There was a comment made about my “In the works” post that stated that:

“Unless we can embed these other dependand installers inside the MSI and execute them from one package, there will always exist a deployment problem in VS.NET “

This got me thinking about deployment methods in general but also about what ClickOnce and the generic bootstrapper bring to the table when it comes to deploying apps going forward. Now I can't get inside the commentor's brain but I can imagine common deployment scenarios and why this seems like a desirable solution: (all of the comments about ClickOnce and the generic bootstraper are based on pre-beta bits and are subject to change before release)

  1. Deploying an App with physical media (CD, DVD, floppy) - This isn't really an issue for this deployment type because you control the entire media and can create any folder structure that you want. As long as there is a setup.exe (and probably and autorun.inf) in the base directory you should be in good shape. ClickOnce can work off of this kind of CD install. VS will generate the autorun.inf for you as well as create a setup.exe that installs your prerequisite components and then the application. So I don't really see a need for a single MSI based install here
  2. Deploying an App from a web site (Internet) - Currently, the way you install apps over the internet is to download an installer and then run it. This is where having a single MSI is key. Without the ability to package your program into a single (probably self-executing) file, you cause all sorts of problems for your user. A “run this and it works“ installer is needed. In the past, a single MSI would do this but with the generic bootstrapper, you get this behavior for free. The setup.exe created dynamically downloads the packages you need from the server and installs them. When it's done, it runs your ClickOnce application or any other exe or MSI that you specify at build time. Thus you not only achieve the single file download but the user will only download the packages that it needs to install. This is, in my opinion, better than a massive MSI that the user may only need a small part of.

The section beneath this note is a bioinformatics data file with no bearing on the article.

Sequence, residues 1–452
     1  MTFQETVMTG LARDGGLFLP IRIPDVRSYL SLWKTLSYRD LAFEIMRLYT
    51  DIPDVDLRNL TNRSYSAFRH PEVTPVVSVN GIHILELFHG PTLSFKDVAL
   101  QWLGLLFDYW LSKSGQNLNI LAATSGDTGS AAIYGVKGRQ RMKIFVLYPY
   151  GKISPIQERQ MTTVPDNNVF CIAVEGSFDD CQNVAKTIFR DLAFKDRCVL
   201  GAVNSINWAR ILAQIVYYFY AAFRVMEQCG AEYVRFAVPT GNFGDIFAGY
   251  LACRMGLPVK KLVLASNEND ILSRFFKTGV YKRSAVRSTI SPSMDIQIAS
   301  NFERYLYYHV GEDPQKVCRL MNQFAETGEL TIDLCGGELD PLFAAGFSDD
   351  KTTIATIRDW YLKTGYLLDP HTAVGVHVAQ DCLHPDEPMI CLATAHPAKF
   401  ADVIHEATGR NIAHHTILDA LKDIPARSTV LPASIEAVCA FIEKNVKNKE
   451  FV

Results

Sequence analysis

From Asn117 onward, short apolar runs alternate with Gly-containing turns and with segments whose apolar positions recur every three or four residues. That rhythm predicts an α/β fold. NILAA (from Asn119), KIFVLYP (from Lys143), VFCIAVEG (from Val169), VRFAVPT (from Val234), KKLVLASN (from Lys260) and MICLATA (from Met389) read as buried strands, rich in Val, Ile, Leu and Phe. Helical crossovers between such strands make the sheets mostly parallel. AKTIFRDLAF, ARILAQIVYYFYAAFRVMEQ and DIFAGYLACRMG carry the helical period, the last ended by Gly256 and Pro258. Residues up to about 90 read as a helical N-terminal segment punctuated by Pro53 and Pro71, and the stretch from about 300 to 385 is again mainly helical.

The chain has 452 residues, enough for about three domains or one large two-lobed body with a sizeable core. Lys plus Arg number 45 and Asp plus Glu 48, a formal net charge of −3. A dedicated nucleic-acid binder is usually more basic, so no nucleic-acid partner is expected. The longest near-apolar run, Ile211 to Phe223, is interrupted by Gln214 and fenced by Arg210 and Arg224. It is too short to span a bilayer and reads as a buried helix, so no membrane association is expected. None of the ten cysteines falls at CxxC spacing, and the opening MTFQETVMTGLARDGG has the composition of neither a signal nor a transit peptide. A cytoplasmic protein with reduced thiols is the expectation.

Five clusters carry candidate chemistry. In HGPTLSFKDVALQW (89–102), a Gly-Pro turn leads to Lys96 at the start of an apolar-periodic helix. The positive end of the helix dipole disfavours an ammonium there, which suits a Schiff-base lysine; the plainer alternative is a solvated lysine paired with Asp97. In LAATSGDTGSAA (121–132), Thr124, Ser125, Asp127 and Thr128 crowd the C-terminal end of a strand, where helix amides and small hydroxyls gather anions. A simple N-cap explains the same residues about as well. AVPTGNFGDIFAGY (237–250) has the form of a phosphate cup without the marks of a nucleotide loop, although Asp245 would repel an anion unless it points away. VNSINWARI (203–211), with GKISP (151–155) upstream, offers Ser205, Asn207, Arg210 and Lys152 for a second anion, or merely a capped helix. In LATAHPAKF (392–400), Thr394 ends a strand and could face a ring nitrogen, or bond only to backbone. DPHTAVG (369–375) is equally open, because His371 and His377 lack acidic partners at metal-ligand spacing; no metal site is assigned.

3. Deploying an App on an internal network (Intranet) - All of the comments about the internet case apply here but there is one more way the users can get packages/applications: UNC (or file) shares. The generic bootstrapper can download packages from a UNC share just like a web site as well as installing the ClickOnce app or MSI that contains your app.

Now those 3 are the core deployment scenarios that ClickOnce and the generic bootstrapper covered. Of course, if you can think of more I'd be happy to talk about how we can help you there but I think that these cover almost everyone. As you can see, the deployment work coming in Whidbey removes the need for a single MSI based solution.

Let me know what you think!